Clinical characteristics of patients undergoing surgical ventricular reconstruction by choice and by randomization

Marian Zembala, Robert E. Michler, Andrzej Rynkiewicz, Thao Huynh, Lilin She, Barbara Lubiszewska, James A. Hill, Ruzena Jandova, Francois Dagenais, Eric D. Peterson, Robert H. Jones

Research output: Contribution to journalArticlepeer-review

17 Scopus citations


Objectives: The aim of this study was to confirm the generalizability of the conclusions of the STICH (Surgical Treatment for Ischemic Heart Failure) trial. Background: Surgical ventricular reconstruction (SVR) added to coronary artery bypass grafting (CABG) did not decrease death or cardiac hospitalization in STICH patients randomized to CABG with (n = 501) or without (n = 499) SVR. Methods: Baseline clinical characteristics of 1,000 STICH SVR hypothesis patients and 1,036 STICH-eligible Society of Thoracic Surgeons (STS) National Cardiac Database patients undergoing CABG plus SVR were entered into a multivariate model equation to predict a mortality that placed these 2,036 patients in 1 of 32 risk at randomization (RAR) groups. The number of patients in each RAR group profiled the risk of STICH treatment arms and of STICH and STS STICH-eligible patients. Results: That 85% of the 1,000 STICH patients known to have no significant differences in baseline characteristics between the 2 treatment arms shared the same RAR group suggests that the RAR methodology has sufficient accuracy to compare RAR profiles of STICH and STS patients. RAR group was shared by 1,522 of 2,036 STICH and STS STICH-eligible patients (75%) who underwent CABG plus SVR. Differences in baseline characteristics responsible for more low-risk STICH patients and more high-risk STS patients were modest. Cox proportional hazard ratios of 1,000 STICH patients in 3 RAR groups suggested by STICH and STS RAR differences showed no differential treatment effect on survival across the low-, intermediate-, and high-risk groups. Conclusions: The STICH conclusion of no benefit from adding SVR to CABG applies to a broad spectrum of CABG-eligible patients with ischemic cardiomyopathy. (Comparison of Surgical and Medical Treatment for Congestive Heart Failure and Coronary Artery Disease; NCT00023595)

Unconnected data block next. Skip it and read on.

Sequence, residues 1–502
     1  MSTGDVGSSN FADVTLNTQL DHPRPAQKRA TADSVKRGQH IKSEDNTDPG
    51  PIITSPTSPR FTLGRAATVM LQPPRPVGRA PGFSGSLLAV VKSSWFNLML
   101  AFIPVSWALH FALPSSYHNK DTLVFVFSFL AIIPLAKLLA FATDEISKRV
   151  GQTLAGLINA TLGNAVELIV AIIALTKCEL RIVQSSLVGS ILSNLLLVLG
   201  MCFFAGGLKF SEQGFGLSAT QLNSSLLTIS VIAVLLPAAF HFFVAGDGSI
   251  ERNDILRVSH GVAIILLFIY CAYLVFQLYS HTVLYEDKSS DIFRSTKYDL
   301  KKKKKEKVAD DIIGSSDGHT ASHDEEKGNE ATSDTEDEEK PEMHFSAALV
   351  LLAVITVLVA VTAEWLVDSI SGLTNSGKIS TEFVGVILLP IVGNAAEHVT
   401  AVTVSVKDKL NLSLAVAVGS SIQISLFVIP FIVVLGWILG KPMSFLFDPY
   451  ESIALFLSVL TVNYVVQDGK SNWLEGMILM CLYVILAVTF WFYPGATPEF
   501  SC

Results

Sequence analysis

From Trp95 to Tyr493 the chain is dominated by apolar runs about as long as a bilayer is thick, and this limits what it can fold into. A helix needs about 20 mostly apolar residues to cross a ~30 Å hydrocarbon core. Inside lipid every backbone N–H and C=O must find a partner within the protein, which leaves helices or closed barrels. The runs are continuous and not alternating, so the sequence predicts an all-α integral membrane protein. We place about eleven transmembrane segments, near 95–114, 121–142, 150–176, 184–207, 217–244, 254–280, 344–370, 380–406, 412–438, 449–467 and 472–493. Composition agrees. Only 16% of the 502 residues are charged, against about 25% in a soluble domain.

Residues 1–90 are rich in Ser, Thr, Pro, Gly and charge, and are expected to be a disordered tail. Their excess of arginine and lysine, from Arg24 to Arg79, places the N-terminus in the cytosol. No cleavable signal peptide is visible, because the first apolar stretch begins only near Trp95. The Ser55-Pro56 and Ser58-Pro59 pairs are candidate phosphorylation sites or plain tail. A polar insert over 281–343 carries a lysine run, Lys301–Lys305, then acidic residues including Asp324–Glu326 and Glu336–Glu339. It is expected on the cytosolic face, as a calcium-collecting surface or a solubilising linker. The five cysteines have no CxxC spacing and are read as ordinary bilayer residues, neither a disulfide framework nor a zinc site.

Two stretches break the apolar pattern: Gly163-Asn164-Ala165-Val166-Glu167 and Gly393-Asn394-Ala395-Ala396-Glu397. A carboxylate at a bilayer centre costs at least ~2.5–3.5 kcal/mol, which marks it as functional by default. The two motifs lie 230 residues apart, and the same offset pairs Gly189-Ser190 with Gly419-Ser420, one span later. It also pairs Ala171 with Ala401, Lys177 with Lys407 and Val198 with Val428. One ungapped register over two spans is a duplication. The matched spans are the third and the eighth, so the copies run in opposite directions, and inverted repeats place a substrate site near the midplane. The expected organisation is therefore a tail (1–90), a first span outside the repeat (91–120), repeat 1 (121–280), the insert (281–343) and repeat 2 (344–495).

Original languageEnglish (US)
Pages (from-to)499-507
Number of pages9
JournalJournal of the American College of Cardiology
Issue number6
StatePublished - Aug 3 2010


  • ortality prediction
  • randomized clinical trial
  • schemic cardiomyopathy
  • surgical ventricular reconstruction

ASJC Scopus subject areas

  • Cardiology and Cardiovascular Medicine


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